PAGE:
A Retrospective Case Series Review of the Peroxisome Proliferator-Activated Receptor Ligand Rosiglitazone in the Treatment of Atopic Dermatitis | Allergy and Clinical Immunology | JAMA Dermatology | JAMA Network
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Observation
January 2008

A Retrospective Case Series Review of the Peroxisome Proliferator-Activated Receptor Ligand Rosiglitazone in the Treatment of Atopic Dermatitis

Author Affiliations

Author Affiliations: School of Medicine (Ms Behshad) and Department of Dermatology, University Hospitals, Case Medical Center (Drs Cooper and Korman), Case Western Reserve University, Cleveland, Ohio; and Louis Stokes Cleveland VA Medical Center (Dr Cooper), Cleveland.

Arch Dermatol. 2008;144(1):84-88. doi:10.1001/archdermatol.2007.22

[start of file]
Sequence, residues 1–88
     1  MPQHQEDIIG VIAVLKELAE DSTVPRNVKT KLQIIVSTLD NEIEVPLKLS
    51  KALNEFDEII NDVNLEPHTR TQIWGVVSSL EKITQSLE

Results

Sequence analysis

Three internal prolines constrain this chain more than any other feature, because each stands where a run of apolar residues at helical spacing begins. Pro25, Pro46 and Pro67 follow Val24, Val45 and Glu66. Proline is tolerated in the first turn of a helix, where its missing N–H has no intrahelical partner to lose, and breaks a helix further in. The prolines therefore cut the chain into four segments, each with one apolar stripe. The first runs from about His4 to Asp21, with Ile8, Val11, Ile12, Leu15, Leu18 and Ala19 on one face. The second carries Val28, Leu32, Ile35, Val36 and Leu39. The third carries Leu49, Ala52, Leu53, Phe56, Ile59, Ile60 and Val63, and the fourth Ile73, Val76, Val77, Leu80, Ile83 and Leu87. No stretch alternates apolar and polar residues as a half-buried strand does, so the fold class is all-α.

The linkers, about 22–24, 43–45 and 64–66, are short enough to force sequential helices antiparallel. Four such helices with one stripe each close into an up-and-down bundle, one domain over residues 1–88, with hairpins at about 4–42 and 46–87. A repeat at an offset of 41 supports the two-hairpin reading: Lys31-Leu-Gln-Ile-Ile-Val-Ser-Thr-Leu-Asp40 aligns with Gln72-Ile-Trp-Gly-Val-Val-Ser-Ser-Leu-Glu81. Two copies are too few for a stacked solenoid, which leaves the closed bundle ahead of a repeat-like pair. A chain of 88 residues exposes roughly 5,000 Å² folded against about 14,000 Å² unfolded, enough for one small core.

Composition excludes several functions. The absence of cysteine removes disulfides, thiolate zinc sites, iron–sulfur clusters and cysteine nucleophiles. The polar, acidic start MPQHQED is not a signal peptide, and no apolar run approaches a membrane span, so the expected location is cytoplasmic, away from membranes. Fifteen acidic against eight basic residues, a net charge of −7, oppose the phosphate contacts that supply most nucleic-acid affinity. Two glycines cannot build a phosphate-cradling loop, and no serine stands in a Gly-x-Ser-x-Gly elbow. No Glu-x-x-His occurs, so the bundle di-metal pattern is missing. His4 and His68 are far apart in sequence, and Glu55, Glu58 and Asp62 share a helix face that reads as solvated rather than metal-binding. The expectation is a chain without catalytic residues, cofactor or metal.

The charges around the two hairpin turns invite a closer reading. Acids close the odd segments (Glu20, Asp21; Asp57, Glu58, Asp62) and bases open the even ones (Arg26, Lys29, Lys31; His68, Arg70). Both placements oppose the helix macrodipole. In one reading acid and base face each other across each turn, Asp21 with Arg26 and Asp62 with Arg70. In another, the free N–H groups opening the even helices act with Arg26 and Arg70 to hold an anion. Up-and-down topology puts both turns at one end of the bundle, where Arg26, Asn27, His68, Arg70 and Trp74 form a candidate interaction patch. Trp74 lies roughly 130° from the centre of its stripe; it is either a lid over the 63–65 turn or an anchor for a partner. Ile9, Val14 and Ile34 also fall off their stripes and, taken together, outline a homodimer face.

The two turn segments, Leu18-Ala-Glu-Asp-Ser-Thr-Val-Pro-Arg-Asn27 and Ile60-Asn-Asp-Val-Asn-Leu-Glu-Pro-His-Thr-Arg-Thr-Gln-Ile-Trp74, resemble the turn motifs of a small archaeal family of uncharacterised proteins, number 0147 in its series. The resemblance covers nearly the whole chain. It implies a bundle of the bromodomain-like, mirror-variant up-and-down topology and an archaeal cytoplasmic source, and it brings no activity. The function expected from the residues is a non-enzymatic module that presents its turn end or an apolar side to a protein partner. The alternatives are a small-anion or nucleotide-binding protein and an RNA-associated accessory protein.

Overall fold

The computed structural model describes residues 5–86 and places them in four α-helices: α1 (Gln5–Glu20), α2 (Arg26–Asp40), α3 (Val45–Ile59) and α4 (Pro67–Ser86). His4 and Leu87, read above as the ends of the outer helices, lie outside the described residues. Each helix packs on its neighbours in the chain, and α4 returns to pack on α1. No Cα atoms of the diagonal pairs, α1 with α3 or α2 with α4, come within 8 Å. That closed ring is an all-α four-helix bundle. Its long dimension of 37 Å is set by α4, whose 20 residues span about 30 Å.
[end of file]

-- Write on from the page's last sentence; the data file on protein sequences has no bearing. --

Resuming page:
Abstract

Background  Peroxisome proliferator-activated receptors (PPARs) are nuclear hormone receptors that are expressed in a variety of cells, including keratinocytes and cells of the immune system. The γ subtype, activated by the antidiabetic thiazolidinediones, was originally identified as a regulator of adipogenesis and glucose homeostasis. Recent data, however, have linked PPAR-γ to several genes involved in inflammation. Among others, these pathways reduce certain inflammatory mediators in the skin and regulate epidermal barrier homeostasis, alterations of which contribute to the inflammation associated with atopic dermatitis (AD). To our knowledge, the addition of rosiglitazone maleate to the standard treatment of AD has not been evaluated.

Observations  Severe adverse events were not observed, although 1 patient experienced weight gain. All patients responded to rosiglitazone therapy with decreased total body surface area involvement, severity of lesions, and number of flares.

Conclusions  Rosiglitazone, a drug that has an excellent safety profile, may offer a well tolerated systemic treatment option for AD. However, its role should be further assessed in controlled trials to establish its efficacy and safety in this disease.

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